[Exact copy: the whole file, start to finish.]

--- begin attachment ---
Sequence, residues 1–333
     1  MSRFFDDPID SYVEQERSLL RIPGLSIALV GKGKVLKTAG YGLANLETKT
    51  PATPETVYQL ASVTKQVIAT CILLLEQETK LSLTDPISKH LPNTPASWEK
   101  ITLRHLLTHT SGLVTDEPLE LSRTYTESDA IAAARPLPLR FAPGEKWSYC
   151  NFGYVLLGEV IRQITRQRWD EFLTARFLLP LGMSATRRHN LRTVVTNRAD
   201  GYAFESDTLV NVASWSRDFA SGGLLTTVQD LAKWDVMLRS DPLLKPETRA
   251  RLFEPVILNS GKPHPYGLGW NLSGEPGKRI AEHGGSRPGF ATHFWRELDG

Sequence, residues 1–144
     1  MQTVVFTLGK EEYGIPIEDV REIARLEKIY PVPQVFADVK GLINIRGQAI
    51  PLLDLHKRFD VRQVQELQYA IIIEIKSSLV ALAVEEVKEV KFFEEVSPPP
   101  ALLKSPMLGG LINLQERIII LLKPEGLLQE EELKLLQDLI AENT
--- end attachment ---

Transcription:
Sequence, residues 1–333
     1  MSRFFDDPID SYVEQERSLL RIPGLSIALV GKGKVLKTAG YGLANLETKT
    51  PATPETVYQL ASVTKQVIAT CILLLEQETK LSLTDPISKH LPNTPASWEK
   101  ITLRHLLTHT SGLVTDEPLE LSRTYTESDA IAAARPLPLR FAPGEKWSYC
   151  NFGYVLLGEV IRQITRQRWD EFLTARFLLP LGMSATRRHN LRTVVTNRAD
   201  GYAFESDTLV NVASWSRDFA SGGLLTTVQD LAKWDVMLRS DPLLKPETRA
   251  RLFEPVILNS GKPHPYGLGW NLSGEPGKRI AEHGGSRPGF ATHFWRELDG

Sequence, residues 1–144
     1  MQTVVFTLGK EEYGIPIEDV REIARLEKIY PVPQVFADVK GLINIRGQAI
    51  PLLDLHKRFD VRQVQELQYA IIIEIKSSLV ALAVEEVKEV KFFEEVSPPP
   101  ALLKSPMLGG LINLQERIII LLKPEGLLQE EELKLLQDLI AENT